The teams interacted directly with upwards of 500 students at 6 schools, ranging from a technology magnet school to inner city schools with limited resources for STEM education. “Some of the kids are in low income areas, so the chance to give them this opportunity to see the stuff is touching,” he says. They also presented to 250 kids as part of the February 2016 Engineering Day at McWane Science Center, a regional science museum in Birmingham, AL. The ASME members strove to not only engage younger students in the projects but also ignite their passion for space and engineering problem solving. “At the high- and magnet schools, the kids designed a robot,” describes Mitchell. “One of the magnet schools has a robotics team and so we tasked them with converting their robot to a sample grabber and then we competed with them with our tool.”
“The impact was significant and clear,” notes Mitchell. The teachers specifically remarked that their pupils not only enjoyed their presentation but found great value in it. “We had younger kids who didn’t understand that some career paths draw from engineering, such as pilots, and professionals who work on space missions, that they get their start with these subjects,” he says. “It was eye-opening for them, that these degrees, mechanical engineering in particular, give them a wide range of career paths later in life. One third grader said he wanted to be a pilot. We told him that pilots and other similar military professionals require a background in engineering. It was great to see that really struck a chord with him and made him want to engage with the lesson.”
Not surprisingly, the entire project struck a chord with Mitchell and his team as well, as there was much value gained. On the technology front, he expanded his knowledge of material properties and interfaces, as well as machine shop and engineering design. The team used a 3D printer to construct the tool, so they learned about the complexity of using this manufacturing method for rapid prototyping of the parts. But it was the opportunity to hone his capacity for leadership that benefited him the most. He oversaw 1 team of 6 students and coordinated simultaneously with Rowe and his team over the course of an entire school year. “I had experience running student design projects, but this was a different animal,” he says. “It was a learning experience in time management and coordinating others.”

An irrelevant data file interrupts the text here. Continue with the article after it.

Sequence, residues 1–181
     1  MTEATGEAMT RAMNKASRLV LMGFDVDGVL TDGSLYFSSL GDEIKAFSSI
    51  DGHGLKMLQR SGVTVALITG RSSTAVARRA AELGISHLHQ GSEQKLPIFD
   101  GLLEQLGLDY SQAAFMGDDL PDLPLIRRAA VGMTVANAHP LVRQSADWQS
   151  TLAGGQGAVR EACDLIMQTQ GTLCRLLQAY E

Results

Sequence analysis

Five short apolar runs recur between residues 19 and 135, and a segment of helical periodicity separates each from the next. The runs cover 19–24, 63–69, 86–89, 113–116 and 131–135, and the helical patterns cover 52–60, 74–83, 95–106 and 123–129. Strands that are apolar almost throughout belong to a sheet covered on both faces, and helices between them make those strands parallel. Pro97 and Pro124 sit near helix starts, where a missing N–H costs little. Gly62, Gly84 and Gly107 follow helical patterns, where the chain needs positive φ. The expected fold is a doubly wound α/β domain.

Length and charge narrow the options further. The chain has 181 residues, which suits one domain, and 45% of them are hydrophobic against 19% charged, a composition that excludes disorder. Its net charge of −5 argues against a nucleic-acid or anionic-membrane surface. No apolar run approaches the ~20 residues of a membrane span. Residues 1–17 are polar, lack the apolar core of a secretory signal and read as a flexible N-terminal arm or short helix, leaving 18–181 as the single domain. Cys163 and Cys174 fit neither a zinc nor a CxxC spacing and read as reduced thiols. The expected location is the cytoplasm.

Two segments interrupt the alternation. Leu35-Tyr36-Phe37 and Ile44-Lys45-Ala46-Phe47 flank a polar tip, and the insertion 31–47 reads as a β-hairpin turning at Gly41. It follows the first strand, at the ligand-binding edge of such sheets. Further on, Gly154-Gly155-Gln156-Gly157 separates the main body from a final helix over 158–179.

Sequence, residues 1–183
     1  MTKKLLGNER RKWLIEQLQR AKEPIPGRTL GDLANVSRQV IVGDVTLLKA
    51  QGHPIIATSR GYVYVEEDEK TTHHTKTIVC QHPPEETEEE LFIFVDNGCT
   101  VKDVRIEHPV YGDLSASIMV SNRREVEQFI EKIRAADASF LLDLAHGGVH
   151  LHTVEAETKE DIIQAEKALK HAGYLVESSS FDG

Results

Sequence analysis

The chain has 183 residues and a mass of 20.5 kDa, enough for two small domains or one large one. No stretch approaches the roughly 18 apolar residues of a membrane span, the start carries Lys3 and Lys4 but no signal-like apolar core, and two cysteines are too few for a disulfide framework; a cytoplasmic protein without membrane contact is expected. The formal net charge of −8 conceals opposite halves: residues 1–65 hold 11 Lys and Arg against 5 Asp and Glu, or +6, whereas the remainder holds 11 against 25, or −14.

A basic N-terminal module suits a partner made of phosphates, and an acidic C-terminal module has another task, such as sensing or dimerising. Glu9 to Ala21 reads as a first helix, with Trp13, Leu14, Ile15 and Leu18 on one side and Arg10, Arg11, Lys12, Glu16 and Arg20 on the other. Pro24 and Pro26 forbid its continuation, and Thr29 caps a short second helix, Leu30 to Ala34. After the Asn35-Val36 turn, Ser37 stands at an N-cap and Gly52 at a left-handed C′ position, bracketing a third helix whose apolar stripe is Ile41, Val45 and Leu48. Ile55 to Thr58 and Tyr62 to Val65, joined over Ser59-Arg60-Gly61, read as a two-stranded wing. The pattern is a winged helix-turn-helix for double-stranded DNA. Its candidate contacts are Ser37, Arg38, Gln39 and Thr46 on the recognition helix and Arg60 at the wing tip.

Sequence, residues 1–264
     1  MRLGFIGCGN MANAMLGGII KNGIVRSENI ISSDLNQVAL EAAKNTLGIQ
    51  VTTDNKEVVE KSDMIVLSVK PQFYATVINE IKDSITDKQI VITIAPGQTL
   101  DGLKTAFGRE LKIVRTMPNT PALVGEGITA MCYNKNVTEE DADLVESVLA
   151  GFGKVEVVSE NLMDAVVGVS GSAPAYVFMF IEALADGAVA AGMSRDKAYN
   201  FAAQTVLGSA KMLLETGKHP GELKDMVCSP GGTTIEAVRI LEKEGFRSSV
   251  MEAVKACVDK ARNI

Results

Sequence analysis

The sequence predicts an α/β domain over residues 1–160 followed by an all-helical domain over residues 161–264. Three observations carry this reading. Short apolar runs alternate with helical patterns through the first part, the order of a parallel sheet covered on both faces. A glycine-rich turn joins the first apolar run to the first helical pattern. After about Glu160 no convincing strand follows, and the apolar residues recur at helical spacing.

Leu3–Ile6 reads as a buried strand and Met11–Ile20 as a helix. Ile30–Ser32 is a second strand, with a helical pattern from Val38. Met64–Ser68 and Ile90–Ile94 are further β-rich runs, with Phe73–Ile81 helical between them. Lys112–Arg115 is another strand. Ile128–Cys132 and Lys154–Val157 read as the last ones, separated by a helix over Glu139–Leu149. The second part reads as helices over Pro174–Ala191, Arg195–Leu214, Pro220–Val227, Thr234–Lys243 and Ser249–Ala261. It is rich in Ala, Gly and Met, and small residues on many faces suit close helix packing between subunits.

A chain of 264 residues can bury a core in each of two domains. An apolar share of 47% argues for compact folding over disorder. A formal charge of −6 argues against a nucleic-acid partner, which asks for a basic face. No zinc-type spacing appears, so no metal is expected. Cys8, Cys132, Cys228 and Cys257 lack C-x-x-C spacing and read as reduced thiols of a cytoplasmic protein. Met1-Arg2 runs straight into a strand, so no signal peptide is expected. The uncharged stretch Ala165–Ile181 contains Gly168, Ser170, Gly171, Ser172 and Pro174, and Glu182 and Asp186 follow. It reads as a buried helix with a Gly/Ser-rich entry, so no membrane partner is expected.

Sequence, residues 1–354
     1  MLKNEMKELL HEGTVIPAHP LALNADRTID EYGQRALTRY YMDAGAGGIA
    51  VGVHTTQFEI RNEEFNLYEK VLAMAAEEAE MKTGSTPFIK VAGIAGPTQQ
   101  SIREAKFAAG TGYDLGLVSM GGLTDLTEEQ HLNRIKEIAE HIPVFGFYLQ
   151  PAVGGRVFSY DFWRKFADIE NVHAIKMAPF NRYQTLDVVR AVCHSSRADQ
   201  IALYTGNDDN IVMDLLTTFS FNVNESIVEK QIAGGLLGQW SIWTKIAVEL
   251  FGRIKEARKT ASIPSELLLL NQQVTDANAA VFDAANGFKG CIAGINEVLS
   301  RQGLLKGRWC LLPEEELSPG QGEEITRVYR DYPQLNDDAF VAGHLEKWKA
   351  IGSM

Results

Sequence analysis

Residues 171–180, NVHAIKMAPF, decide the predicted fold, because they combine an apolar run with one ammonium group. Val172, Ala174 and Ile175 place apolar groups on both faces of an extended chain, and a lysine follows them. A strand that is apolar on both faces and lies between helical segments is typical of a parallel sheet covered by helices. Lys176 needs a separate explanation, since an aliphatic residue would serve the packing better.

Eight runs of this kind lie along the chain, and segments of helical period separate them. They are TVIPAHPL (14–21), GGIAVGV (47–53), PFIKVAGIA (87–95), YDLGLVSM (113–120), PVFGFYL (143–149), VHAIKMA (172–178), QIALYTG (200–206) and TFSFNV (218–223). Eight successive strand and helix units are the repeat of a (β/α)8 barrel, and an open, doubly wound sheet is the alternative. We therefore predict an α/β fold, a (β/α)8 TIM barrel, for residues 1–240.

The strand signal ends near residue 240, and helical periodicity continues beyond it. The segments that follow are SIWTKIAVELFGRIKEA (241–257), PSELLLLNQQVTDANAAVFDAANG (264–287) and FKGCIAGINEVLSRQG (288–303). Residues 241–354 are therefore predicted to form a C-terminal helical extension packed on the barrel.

Strong communications was an essential element of the project’s success. Mitchell discovered the importance of adapting his communication methods depending upon the needs and preferences of the individual team member. Furthermore, there were plenty of opportunities to hone skills in a diversity of communication mechanisms, from social media to promote the teams’ progress, to technical documentation required by NASA, to public speaking as part of the outreach. “Near the end we had to submit multiple documents for multiple people, put together a final report and poster for the university as well as for NASA, and do outreach,” he says. “A lot of things were going on at the same time. And I knew I had definitely improved as a leader because sometimes things fall through the cracks. But in this project, nothing fell. We were all pulling our own weight. There was delegation and motivation, and we all improved as a group, and I improved my own leadership skills.”
Reflecting back over the exciting year, Mitchell sees it as a win-win-win-win, for himself, his team members, the kids he presented too via the outreach, and even future UA ASME members. “It’s been a wonderful experience and hopefully we can keep the door open with NASA to help other people get the same experience we got,” he says. “We want to help the UA chapter in the future, and the network of engineers coming up. I would definitely like to see them be in this career area.”
In May 2016, Mitchell graduated from the UA and is headed to Lockheed Martin to serve as a Mechanical Design engineer in Orlando, just a stone’s throw from Cape Canaveral. Mission: Accomplished.